This article appears in the June 28 issue of ESPN The Magazine.
There is a video on YouTube of 11-year-old Maria Shishkina staying balanced as she stands on a big, silver exercise ball. If you think it's easy, give it a shot. Then, once you can stand, try having a catch. Odds are, you'll fall -- and fall and fall and fall as you keep trying, only to finally give up in frustration. Shishkina, though, is calm, chatting and giggling as she tosses a ball back and forth with a coach, her bulging quads keeping her steady atop the unstable ball. Aside from her thick, blond ponytail, those quads are Shishkina's most defining feature -- and two reasons why this wisp of a child is tennis' next big thing.
On a brisk winter day in Bradenton, Fla., Shishkina's musculature is on full display as she practices on one of the many courts at the IMG Bollettieri Tennis Academy. Her mother, Marina, watches, perched on four-inch stilettos. "Looking back, it's so funny," Marina says. "Four years ago, we came here right from the airport in a taxi. I didn't speak any English, but they had someone who could translate. They asked me why I had come. I told them, 'I need a scholarship. I've brought you a star.' I can say now, I was right."
We know, we know: Eleven is too young to give anyone the "star" tag. But those who know Shishkina well already call her the next Sharapova. Like that other Maria, this one left her home country (Kazakhstan) at a young age with just one parent in tow (dad Igor, an ex-boxer, has had problems getting a visa to the U.S.) to pursue tennis dreams in America. Like Sharapova, Shishkina is guided by the legendary Nick Bollettieri. And like the three-time major winner, this one-time Eddie Herr International Junior Tennis Championships winner (U12) has a big-name clothing sponsor: this time, Under Armour.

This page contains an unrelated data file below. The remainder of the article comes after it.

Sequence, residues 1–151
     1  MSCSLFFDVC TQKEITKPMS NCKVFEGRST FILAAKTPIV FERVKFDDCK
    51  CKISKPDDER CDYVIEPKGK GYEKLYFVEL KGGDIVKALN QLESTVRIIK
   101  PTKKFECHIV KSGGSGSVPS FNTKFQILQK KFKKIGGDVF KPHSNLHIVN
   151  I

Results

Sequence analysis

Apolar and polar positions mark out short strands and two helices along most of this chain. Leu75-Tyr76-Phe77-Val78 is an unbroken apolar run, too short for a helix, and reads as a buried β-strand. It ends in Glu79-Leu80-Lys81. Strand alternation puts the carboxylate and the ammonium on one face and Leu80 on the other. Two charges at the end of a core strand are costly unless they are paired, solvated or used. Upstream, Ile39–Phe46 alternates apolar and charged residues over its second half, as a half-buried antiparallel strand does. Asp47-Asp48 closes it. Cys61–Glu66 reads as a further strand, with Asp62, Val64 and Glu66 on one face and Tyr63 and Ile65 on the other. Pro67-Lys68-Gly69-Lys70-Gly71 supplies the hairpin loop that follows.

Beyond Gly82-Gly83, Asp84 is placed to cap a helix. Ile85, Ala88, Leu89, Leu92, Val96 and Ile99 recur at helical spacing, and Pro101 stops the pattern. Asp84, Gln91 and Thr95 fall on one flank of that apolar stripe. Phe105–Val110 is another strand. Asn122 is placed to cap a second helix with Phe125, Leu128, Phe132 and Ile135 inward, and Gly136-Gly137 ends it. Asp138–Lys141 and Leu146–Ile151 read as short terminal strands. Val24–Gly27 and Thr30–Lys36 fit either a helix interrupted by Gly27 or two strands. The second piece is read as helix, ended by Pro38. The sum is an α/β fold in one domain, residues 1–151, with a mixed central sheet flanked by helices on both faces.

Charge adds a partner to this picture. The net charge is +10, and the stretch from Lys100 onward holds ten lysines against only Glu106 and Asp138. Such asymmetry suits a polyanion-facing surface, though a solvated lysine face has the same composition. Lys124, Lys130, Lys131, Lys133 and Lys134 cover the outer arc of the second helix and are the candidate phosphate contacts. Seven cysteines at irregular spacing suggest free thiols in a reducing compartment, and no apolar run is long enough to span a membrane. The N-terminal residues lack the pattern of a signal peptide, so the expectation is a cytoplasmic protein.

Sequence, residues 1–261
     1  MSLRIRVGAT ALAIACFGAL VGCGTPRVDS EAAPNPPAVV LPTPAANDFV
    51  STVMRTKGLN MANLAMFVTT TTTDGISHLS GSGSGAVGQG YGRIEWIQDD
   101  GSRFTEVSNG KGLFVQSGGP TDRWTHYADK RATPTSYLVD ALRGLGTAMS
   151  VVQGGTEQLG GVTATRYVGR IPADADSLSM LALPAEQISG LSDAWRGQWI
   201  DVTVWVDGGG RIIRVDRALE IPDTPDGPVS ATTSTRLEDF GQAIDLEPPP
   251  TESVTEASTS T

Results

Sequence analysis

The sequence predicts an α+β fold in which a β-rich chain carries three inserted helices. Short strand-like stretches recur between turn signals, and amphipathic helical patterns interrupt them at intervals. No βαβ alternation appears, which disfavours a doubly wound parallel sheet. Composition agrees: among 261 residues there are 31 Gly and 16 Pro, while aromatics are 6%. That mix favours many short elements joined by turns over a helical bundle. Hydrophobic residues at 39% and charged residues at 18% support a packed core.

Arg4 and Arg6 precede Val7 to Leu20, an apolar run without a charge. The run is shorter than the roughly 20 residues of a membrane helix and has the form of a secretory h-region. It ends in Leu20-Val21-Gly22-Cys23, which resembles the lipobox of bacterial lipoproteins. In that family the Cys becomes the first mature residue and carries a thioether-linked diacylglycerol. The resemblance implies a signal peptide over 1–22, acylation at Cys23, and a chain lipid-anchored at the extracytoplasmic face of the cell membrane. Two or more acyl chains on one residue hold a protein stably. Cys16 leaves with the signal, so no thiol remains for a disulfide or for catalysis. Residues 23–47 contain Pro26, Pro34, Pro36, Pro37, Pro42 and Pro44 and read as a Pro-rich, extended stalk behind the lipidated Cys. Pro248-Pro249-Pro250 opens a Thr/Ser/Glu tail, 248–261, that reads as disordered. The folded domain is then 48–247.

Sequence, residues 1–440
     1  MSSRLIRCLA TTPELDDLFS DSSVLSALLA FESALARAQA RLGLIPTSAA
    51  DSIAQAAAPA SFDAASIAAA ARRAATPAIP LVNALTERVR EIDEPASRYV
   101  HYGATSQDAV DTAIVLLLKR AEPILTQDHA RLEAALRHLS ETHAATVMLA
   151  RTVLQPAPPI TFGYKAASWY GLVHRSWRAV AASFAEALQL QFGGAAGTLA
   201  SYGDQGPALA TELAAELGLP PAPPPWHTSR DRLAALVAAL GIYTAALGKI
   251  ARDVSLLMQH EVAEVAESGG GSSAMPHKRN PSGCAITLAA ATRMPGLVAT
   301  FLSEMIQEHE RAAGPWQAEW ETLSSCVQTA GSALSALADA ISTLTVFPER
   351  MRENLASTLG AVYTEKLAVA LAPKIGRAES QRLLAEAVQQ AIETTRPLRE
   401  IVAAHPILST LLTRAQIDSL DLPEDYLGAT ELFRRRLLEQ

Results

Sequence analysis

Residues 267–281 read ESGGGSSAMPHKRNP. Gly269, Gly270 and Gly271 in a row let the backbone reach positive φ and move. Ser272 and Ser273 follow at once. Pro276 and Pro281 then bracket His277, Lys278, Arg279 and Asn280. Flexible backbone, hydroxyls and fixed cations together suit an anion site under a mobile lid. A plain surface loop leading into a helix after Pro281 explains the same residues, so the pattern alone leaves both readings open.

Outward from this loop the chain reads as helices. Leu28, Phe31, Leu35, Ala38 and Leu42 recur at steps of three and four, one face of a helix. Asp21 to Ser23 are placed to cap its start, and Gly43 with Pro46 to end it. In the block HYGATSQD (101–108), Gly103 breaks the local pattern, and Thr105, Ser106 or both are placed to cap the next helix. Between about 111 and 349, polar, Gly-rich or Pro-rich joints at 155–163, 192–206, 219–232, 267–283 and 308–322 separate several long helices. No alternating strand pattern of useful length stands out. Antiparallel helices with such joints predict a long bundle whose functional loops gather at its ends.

The top dogs at Under Armour first fell in love with Shishkina last fall, when, on a tour of the Bollettieri facilities, they heard -- yes, heard -- her volleying. "It sounded like a pro," says Under Armour CEO Kevin Plank. "She was this little girl with a twinkle in her eye, and she was just so physically mature." Shishkina has biceps and triceps to go with those quads, and her size 9 and a half shoes indicate she'll be tall. Though she's too young to lift weights, she spends five hours a day on the court and in the gym, working with resistance bands, doing yoga and soccer drills, roller-skating and playing basketball. "Her training platform is a good example of what we're trying to promote for all of our athletes," says Steve Battista, Under Armour's marketing chief.
In Shishkina, Under Armour sees an opportunity to make a big splash in tennis (the company accounted for just 4.4 percent of the tennis apparel market in 2009). Can Shishkina deliver a return on the investment, a five-year deal worth $350,000 plus bonuses? Too early to tell. Even the most successful female tennis prodigies don't start winning Slams until they reach their teens (Martina Hingis won three in 1997 at 16; Sharapova won Wimbledon in 2004 at 17), which means it could be years before we know for sure if Shishkina is the real deal. "Her whole viewpoint may change," says Bollettieri. "She may get
injured. She may meet a boy."
At the moment, though, her priorities seem laser-focused on the court. "She has the whole game," says Bollettieri. "Slices, drop shots, swinging volleys, overheads, backhands, big offensive forehands and the serve." Shishkina -- who won the Eddie Herr in December, reached the quarterfinals at the Orange Bowl later that month and won a handful of smaller tourneys this spring -- is home-schooled to accommodate her training schedule. She has a work ethic that would put most pros to shame, and a bit of a swagger. She walks, chin up and chest out, like she's daring the world to take a swing. "Someday, I want people to say I changed the game of tennis or I was a legend or I was No. 1 for a long time or made records," she says. "It means a lot when people say I could be a star. It motivates me."
Of course, Shishkina also freely admits to liking puppies, playing Wii and having her mother courtside during matches. So she is still very much a little girl.
Albeit one with very big quads.
Lindsay Berra is a senior writer at ESPN The Magazine